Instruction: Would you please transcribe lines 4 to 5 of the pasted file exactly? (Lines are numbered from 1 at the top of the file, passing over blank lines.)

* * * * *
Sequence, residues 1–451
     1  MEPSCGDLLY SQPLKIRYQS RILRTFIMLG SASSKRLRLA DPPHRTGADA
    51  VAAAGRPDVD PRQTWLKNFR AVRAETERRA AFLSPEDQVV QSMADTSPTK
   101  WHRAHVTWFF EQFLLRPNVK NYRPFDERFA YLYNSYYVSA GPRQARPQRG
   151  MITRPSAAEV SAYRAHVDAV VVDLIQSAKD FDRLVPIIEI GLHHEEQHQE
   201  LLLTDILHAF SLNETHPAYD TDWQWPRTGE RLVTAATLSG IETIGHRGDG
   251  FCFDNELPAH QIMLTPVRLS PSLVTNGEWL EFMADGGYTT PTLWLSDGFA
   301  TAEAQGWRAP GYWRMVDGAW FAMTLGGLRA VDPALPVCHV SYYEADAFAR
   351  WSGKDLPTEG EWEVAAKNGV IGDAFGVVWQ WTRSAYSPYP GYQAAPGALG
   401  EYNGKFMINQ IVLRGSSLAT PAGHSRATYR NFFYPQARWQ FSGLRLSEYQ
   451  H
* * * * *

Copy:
   101  WHRAHVTWFF EQFLLRPNVK NYRPFDERFA YLYNSYYVSA GPRQARPQRG
   151  MITRPSAAEV SAYRAHVDAV VVDLIQSAKD FDRLVPIIEI GLHHEEQHQE